The Park Record editorial, Oct. 14-16, 2015 |

The Park Record editorial, Oct. 14-16, 2015


Last week, the Utah Association of Counties named San Juan County Commissioner Phil Lyman as the state’s 2015 County Commissioner of the year. If that name sounds familiar it is because Lyman is the official who led a parade of sagebrush rebels on ATVs through Recapture Canyon, a federally protected area that is closed to motorized vehicles.

Images from the protest ride depict a defiant crowd of flag-waving citizens raising a cloud of dust driving past sensitive archeological artifacts. There didn’t seems to be any Confederate flags but there were a slew of those bright yellow "Don’t Tread on Me" banners that have come to symbolize the Tea Party and other disaffected groups.

The protest was uncomfortably reminiscent of the dispute between the Bureau of Reclamation and Cliven Bundy, a Nevada rancher who, in 2014, also decided to take the law into his own hands, resulting in an armed standoff with federal officials.

Lyman is currently awaiting sentencing on federal charges. But before facing the judge, next month he will be feted at UAC’s annual convention. Apparently, here in Utah, lawmakers are rewarded for breaking the law.

One has to wonder whether any Summit County officials were in on that dubious decision to select Lyman for the honor. Hopefully not.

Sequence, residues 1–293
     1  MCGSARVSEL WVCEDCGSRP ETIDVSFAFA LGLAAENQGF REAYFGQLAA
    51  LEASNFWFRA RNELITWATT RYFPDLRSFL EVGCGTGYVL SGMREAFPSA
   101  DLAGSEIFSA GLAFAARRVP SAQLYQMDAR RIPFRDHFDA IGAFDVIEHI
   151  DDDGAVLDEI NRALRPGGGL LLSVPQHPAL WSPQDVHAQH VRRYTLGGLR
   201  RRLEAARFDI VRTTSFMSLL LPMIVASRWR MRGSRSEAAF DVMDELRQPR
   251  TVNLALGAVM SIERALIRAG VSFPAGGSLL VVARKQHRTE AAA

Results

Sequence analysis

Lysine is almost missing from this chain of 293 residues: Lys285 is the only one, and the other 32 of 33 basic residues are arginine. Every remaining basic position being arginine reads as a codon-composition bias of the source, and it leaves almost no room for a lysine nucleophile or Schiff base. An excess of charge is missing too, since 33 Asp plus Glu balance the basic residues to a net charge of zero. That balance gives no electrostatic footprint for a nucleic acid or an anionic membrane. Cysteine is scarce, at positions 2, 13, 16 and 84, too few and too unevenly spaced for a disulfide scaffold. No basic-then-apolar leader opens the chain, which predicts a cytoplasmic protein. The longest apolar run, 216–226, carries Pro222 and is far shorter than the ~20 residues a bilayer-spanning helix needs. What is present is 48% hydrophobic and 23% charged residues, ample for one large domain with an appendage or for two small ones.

And this isn’t the only time that UAC has gone off on a political bender that runs counter to federal efforts to designate and protect environmentally threatened lands. In 2011 UAC threatened to sue the federal government over new rules designed to inventory potential wilderness areas and protect them from potentially damaging activities.

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Currently, UAC is advocating against efforts to reinforce the Endangered Species Act and to turn more regulation over to states. UAC also opposes recent efforts to more closely monitor natural waterways using the well-worn code words "federal over-reach."

In the meantime here in Summit County, residents are calling for more protection for the environment. They are lobbying their Congressional representatives for a new designation in the Wasatch Mountains to protect the area from encroaching development, and they are passing local laws to guard against air and water pollution.

As Summit County officials consider packing their bags to attend next month’s UAC convention, we would urge them to carefully consider whether the organization is serving the best interest of their constituents.

At the very least Summit County’s delegation could stage a bike ride around the convention center to protest UAC’s blatant disregard for the state’s irreplaceable natural wonders, to say nothing of the laws of the land.